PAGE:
WEST Dunbartonshire's SNP leaders are warning residents there will be cuts to services because the last Labour administration didn't raise taxes.

The SNP said "services are going to suffer" including some priorities at the "heart of what we do" and condemned Labour for "unforgivable financial mismanagement".

But Labour laughed at the suggestion and said the administration could hand the reins back to them if the job was too big for the SNP.

Council leader Jonathan McColl and Audit Scotland signed off on the accounts last week ahead of the audit committee but Cllr McColl said he wasn't happy with them.

In a weekend press release, the SNP said Labour shouldn't have added £500,000 in savings to their final budget and that it was a pre-election "con".

They added: "Following the end of government funding for the council tax freeze, Labour’s refusal to increase council tax rates immediately prior to the local government elections in May has increased the projected shortfall by more than £1m.

"In a final betrayal of the public, Labour used £2.2m of one-off reserves to plug their financial hole, adding to the ongoing deficit, bringing the total budget gap for the next two years to nearly £11m."

Kilpatrick Labour Councillor and former provost Douglas McAllister said he initially laughed at the SNP press release, and he noted Cllr McColl was chairman of the audit and performance review committee.

He branded the SNP "incapable, incompetitent and incoherent".

Cllr McAllister told the Post: "Cllr McColl knows full well WDC is one of the best-run councils in Scotland. There is no black hole - quite the opposite. We left the council with millions in reserves.

"The deficit is coming from the Scottish Government - they're creating this mess, not Labour. The SNP realise they're going to have to move a budget with an enormous council tax rise. This is the SNP trying to deflect blame.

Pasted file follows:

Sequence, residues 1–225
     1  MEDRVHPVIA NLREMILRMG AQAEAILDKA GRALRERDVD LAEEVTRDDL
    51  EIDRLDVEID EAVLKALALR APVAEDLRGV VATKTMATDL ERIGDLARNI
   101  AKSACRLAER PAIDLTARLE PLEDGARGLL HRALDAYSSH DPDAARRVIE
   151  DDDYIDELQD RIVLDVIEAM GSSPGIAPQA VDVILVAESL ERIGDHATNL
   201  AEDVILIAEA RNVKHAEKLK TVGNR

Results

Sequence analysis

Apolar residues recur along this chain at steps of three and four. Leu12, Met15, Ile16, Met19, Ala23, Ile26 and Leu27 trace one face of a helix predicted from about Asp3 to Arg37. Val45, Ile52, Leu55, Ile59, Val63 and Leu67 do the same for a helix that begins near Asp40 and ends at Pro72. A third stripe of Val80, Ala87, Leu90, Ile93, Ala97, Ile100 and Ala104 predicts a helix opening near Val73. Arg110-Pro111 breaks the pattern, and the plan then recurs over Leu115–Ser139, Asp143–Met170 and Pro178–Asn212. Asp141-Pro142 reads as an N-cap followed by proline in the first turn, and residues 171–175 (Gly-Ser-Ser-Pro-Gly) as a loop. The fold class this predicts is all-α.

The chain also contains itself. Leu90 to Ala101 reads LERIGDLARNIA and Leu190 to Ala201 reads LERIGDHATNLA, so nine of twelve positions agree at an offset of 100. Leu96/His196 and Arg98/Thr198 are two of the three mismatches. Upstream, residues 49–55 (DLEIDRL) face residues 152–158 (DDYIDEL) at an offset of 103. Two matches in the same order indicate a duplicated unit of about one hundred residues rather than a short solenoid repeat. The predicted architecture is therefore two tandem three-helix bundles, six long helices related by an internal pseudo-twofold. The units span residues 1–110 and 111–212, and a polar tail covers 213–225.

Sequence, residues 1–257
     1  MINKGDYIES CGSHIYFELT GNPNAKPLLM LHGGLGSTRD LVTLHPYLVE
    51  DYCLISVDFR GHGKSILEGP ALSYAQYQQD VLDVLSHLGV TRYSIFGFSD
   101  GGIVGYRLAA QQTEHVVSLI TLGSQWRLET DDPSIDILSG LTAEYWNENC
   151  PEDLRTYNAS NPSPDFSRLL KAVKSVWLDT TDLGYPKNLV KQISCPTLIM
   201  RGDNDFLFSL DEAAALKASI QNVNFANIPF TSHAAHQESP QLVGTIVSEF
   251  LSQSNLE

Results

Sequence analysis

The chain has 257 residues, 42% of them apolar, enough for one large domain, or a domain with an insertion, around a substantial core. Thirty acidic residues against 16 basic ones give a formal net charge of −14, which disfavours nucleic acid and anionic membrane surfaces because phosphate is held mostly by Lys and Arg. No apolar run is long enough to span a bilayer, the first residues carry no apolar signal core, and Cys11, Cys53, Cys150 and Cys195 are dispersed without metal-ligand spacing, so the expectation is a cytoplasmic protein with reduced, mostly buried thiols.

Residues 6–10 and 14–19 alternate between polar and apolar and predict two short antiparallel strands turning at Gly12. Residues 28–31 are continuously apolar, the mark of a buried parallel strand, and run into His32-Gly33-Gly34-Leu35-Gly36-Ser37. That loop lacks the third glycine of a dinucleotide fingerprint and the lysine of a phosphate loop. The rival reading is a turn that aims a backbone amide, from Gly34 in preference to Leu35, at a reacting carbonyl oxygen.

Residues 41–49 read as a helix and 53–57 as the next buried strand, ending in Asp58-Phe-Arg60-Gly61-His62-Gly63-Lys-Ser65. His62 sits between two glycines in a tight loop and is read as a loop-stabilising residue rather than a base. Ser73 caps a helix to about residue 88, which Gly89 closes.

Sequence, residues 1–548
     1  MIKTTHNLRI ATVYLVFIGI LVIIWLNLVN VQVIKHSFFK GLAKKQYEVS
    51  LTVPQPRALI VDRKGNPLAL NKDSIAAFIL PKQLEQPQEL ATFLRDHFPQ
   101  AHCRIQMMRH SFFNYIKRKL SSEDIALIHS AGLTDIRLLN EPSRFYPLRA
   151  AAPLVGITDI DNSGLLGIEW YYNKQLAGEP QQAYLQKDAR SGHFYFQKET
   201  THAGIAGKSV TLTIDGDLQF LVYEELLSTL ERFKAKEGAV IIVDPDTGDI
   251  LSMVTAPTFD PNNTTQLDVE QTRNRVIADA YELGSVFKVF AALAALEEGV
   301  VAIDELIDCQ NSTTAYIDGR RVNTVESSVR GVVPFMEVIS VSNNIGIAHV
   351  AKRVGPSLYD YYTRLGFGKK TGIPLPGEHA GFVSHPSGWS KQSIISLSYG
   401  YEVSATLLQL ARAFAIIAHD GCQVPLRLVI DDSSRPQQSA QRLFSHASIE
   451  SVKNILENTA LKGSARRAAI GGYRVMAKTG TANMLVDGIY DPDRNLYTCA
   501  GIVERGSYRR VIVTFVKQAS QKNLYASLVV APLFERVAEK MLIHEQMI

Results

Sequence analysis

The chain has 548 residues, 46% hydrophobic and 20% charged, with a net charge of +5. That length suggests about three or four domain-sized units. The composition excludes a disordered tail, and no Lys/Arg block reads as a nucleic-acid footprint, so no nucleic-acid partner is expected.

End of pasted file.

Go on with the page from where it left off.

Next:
"It sounds as though they're panicking, realising the budget is beyond their capabilities. The budget is given to them by the Scottish Government - it's their SNP government."

Finance convener Cllr Ian Dickson said he was "warned" by colleagues when the SNP took office there would be "issues with the finances". He said the use of reserves to balance the books in February had been "scandalous politicking".

The convener of the corporate services committee said in a statement: "It is far worse than I had feared. I am appalled by Labour’s disregard for local services; putting vital services at risk in an attempt to steal an election is inexcusable.

"We only have so much money to spend and, thanks to Labour, services are going to suffer. Not just things on the periphery of what the council provides, but some things that cut through the very heart of what we do."

The SNP has promised to publish draft proposals for a budget for consultation with the public and staff.

Labour's financial choices in the past year have been politically contentious. Last October, they added £460,000 in new spending and dared the SNP to vote it down in the February budget.

After promising a "no-cuts budget" in December, they walked into February's council budget meeting and announced a shock council tax freeze, paid for from their reserves.

Audit Scotland concluded WDC had a "good track record of delivering services within its budgets and over the last three years has consistently contained its expenditure within annual budgets".

But it criticised "slippage" on capital programmes, including funds for the the new Balloch campus, Levengrove park, the new Dumbarton council offices and Queens Quay in Clydebank - all of them backed by both political parties.

The annual audit also said the council recognised tapping their reserves was not sustainable. The total budget gap from 2017-2020 is £11.397m.